Here, in no particular order, are some of my memories of what happened next. The tornado was on the ground for only 16 minutes, but it seemed longer. I remember looking at Paul and shrugging. "Keep talking" the producer barked into my IFB, my earpiece. "Just talk!".

-   Sky 11 pilot Max Messmer and photographer Tom Empey were on their way to another story when they saw a funnel forming in the north metro. They immediately deviated from their destination and began circling the developing tornado, sending back live video. Raw video - no time to edit for family-friendly viewing. I remember thinking, "Oh my God, what happens if we show live video of a tornado ripping through a tornado? Do we stay on the air - no matter what happens?"

-   Tom Empey was taking a new "gyro-zoom lens" for a test drive. This allowed him to zoom into the tornado without the normal jumpiness of a video camera lens. The video was smooth and captivating, almost mesmerizing, as the ghost-like funnel danced around, touching down on the ground over what appeared to be a wooded area east of Brooklyn Park.

-   Max Messmer began narrating what he was seeing as Paul Mager, Kirstin Lindquist and I watched with a mixture of fascination and horror. "This is spectacular!" he yelled into the microphone. "I have to move to a safer area!" I was scared to death that a tree limb or other source of debris would fall into the chopper blades. I remember pleading with Max, on the air, to stay a safe distance away from the tornado. Which would be Kansas. But he insisted on getting as close as he could to the tornado. In fairness, Max flew in Vietnam and rescued mountain climbers in the Alps, so he was accustomed to a fair amount of danger on the job. His poor photographer, Tom Empey, was not. Rumor has it that he kissed the ground when the chopper finally landed less than an hour later.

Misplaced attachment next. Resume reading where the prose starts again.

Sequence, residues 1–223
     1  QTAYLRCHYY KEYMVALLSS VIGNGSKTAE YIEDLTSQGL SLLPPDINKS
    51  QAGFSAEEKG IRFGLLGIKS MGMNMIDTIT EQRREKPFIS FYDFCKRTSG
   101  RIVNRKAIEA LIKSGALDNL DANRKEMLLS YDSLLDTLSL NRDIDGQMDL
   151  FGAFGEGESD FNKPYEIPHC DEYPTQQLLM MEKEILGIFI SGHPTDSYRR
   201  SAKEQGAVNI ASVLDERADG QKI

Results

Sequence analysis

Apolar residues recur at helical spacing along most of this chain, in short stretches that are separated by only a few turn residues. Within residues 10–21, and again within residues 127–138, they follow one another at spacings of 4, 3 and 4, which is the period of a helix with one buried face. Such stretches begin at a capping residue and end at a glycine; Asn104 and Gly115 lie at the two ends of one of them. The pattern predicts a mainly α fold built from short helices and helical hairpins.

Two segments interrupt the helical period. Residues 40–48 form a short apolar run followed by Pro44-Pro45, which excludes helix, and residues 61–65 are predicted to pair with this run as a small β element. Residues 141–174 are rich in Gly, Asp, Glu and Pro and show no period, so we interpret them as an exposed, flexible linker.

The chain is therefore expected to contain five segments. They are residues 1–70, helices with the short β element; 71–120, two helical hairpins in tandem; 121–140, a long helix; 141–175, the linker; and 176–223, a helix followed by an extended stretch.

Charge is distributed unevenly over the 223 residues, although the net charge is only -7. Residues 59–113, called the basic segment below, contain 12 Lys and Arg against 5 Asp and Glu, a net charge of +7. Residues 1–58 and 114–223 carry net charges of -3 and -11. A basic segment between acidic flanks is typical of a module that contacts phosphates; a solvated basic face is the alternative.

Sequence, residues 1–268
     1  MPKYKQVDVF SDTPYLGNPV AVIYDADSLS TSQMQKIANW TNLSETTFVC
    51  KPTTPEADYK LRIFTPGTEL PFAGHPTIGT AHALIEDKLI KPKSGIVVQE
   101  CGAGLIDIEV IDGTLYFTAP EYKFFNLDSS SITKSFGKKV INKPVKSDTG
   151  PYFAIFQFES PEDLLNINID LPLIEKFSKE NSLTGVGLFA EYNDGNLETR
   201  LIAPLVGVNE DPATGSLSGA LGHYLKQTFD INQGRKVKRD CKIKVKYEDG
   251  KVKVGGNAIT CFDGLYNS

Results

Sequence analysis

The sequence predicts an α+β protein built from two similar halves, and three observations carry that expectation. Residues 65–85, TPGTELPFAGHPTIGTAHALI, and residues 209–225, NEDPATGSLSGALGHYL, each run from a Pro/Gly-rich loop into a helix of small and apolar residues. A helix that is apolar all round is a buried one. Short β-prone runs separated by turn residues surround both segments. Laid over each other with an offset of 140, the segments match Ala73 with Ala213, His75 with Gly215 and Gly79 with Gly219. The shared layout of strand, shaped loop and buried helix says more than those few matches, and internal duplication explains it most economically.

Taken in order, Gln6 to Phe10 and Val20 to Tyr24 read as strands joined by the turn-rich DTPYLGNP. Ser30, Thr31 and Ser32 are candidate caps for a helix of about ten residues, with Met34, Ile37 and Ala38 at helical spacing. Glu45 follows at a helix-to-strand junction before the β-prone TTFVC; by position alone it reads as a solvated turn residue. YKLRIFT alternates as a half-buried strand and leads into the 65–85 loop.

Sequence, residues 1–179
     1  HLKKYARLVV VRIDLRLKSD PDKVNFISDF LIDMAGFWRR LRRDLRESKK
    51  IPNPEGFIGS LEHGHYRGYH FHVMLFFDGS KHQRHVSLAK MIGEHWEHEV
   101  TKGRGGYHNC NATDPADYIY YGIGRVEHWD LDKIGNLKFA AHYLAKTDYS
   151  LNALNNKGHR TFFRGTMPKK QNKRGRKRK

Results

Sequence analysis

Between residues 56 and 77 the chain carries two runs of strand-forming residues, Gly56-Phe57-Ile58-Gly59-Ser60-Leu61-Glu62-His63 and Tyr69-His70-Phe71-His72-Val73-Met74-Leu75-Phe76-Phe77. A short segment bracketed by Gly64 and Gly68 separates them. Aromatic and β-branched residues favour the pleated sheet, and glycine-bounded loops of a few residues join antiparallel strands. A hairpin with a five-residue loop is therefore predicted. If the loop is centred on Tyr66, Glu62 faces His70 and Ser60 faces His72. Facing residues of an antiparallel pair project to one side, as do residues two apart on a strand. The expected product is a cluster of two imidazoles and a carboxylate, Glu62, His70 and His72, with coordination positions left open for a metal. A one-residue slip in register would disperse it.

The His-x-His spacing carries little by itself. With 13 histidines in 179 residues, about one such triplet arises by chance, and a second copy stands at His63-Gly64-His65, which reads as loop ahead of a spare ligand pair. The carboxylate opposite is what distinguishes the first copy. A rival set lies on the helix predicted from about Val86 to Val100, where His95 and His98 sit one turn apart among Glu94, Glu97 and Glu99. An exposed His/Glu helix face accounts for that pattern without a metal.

Historic Tornado

-   Most tornadoes move at 20-40 mph, cloaked in a veil of hail and wind shear. You just don't fly up next to a tornado without risking life and limb. But Max and Sky-11 were 1/4 to 1/2 mile away from the tornado, which appeared white at times, due to the sun shining on the funnel. The tornado was nearly stationary, allowing Max to completely circle the vortex of swirling wind, time after time. The video was almost hypnotic - fully grown trees being pulled out like weeds. I couldn't believe what I was witnessing - live.